Use Cilium for NetworkPolicy
This page shows how to use Cilium for NetworkPolicy.
For background on Cilium, read the Introduction to Cilium.
Before you begin
You need to have a Kubernetes cluster, and the kubectl command-line tool must be configured to communicate with your cluster. It is recommended to run this tutorial on a cluster with at least two nodes that are not acting as control plane hosts. If you do not already have a cluster, you can create one by using minikube or you can use one of these Kubernetes playgrounds:
Deploying Cilium on Minikube for Basic Testing
To get familiar with Cilium easily you can follow the Cilium Kubernetes Getting Started Guide to perform a basic DaemonSet installation of Cilium in minikube.
To start minikube, minimal version required is >= v1.5.2, run the with the following arguments:
minikube version: v1.5.2
minikube start --network-plugin=cni
For minikube you can install Cilium using its CLI tool. To do so, first download the latest version of the CLI with the following command:
curl -LO https://github.com/cilium/cilium-cli/releases/latest/download/cilium-linux-amd64.tar.gz
Then extract the downloaded file to your
/usr/local/bin directory with the following command:
sudo tar xzvfC cilium-linux-amd64.tar.gz /usr/local/bin rm cilium-linux-amd64.tar.gz
After running the above commands, you can now install Cilium with the following command:
Cilium will then automatically detect the cluster configuration and create and install the appropriate components for a successful installation. The components are:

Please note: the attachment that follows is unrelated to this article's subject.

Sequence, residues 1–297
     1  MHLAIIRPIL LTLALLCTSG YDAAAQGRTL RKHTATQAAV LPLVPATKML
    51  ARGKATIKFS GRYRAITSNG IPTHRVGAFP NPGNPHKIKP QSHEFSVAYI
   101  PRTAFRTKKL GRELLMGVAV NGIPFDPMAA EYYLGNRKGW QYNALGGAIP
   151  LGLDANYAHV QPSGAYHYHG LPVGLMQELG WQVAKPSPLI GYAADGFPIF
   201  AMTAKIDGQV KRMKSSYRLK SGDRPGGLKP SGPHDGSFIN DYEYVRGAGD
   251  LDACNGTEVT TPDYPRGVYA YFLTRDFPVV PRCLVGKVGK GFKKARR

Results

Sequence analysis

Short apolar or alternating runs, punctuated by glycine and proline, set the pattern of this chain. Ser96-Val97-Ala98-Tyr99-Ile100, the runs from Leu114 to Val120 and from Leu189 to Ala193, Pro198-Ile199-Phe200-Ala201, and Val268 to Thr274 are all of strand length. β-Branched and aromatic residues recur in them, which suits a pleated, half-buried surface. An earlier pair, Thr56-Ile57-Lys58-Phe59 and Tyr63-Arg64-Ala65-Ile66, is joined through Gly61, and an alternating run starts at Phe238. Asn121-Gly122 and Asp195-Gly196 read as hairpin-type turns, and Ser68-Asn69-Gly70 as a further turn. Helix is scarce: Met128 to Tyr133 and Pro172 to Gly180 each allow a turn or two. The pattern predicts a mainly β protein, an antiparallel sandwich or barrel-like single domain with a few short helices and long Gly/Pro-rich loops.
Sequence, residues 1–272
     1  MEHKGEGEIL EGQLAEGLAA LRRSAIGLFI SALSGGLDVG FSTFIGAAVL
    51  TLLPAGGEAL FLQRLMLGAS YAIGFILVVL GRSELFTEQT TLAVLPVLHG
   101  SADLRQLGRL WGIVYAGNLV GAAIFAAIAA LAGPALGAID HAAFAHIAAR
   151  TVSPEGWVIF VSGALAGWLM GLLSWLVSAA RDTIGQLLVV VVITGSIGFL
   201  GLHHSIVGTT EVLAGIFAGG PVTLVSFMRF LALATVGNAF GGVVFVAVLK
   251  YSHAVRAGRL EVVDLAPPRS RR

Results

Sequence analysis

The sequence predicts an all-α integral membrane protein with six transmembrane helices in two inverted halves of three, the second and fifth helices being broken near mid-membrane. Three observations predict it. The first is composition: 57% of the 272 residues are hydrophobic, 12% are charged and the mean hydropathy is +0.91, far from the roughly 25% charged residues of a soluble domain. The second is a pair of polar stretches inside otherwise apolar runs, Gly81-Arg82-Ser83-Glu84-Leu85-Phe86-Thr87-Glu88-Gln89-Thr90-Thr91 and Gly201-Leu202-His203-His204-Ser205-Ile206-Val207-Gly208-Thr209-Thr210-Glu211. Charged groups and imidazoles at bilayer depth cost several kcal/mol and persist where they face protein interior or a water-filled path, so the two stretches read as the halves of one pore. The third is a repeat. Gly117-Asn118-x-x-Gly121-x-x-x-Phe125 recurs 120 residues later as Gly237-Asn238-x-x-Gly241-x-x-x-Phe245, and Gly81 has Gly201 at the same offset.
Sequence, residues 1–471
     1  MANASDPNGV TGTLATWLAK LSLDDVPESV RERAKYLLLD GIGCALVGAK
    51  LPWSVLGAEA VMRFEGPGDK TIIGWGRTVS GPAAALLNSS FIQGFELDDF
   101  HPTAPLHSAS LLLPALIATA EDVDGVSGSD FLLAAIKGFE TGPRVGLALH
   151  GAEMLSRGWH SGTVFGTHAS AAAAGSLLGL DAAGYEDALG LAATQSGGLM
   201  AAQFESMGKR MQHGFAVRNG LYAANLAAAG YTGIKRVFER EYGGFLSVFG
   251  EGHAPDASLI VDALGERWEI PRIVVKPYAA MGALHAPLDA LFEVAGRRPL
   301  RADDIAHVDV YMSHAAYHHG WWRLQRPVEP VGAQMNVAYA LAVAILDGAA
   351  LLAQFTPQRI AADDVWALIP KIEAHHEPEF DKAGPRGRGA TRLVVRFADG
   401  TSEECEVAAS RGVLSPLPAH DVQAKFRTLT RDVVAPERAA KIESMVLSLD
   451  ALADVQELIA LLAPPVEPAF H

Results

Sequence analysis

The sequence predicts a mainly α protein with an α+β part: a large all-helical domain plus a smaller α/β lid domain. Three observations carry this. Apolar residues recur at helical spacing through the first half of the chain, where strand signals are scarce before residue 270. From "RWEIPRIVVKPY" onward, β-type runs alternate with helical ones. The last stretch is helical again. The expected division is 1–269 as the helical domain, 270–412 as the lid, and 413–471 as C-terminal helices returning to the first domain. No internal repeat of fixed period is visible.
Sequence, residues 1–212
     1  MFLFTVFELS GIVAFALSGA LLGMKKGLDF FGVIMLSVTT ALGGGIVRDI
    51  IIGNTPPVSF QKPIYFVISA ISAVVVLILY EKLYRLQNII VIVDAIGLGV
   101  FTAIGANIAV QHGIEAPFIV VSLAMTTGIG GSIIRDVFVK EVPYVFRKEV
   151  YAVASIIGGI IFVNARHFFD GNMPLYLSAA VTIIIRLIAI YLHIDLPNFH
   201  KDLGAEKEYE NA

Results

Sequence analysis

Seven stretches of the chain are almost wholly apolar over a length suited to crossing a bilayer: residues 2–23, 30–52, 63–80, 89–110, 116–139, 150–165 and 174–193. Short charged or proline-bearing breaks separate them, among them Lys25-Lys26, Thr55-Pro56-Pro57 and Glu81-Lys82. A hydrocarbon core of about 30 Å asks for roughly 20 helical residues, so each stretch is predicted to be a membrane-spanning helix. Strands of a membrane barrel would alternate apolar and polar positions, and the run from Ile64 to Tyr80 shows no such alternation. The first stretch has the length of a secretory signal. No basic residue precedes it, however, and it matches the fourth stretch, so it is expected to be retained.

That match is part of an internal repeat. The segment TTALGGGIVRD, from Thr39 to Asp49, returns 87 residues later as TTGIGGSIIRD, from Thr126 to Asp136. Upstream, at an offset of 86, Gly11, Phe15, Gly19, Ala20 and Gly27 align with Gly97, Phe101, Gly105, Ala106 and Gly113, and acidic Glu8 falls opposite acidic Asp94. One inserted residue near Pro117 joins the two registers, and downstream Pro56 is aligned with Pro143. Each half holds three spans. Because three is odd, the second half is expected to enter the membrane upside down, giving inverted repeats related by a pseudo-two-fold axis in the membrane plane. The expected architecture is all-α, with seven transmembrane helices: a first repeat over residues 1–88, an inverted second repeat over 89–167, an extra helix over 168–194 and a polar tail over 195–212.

- Certificate Authority (CA) in Secret
cilium-caand certificates for Hubble (Cilium's observability layer).
- Service accounts.
- Cluster roles.
- Agent DaemonSet and an Operator Deployment.
After the installation, you can view the overall status of the Cilium deployment with the
cilium status command.
See the expected output of the
The remainder of the Getting Started Guide explains how to enforce both L3/L4 (i.e., IP address + port) security policies, as well as L7 (e.g., HTTP) security policies using an example application.
Deploying Cilium for Production Use
For detailed instructions around deploying Cilium for production, see: Cilium Kubernetes Installation Guide This documentation includes detailed requirements, instructions and example production DaemonSet files.
Understanding Cilium components
Deploying a cluster with Cilium adds Pods to the
kube-system namespace. To see
this list of Pods run:
kubectl get pods --namespace=kube-system -l k8s-app=cilium
You'll see a list of Pods similar to this:
NAME READY STATUS RESTARTS AGE cilium-kkdhz 1/1 Running 0 3m23s ...
cilium Pod runs on each node in your cluster and enforces network policy
on the traffic to/from Pods on that node using Linux BPF.
Once your cluster is running, you can follow the Declare Network Policy to try out Kubernetes NetworkPolicy with Cilium. Have fun, and if you have questions, contact us using the Cilium Slack Channel.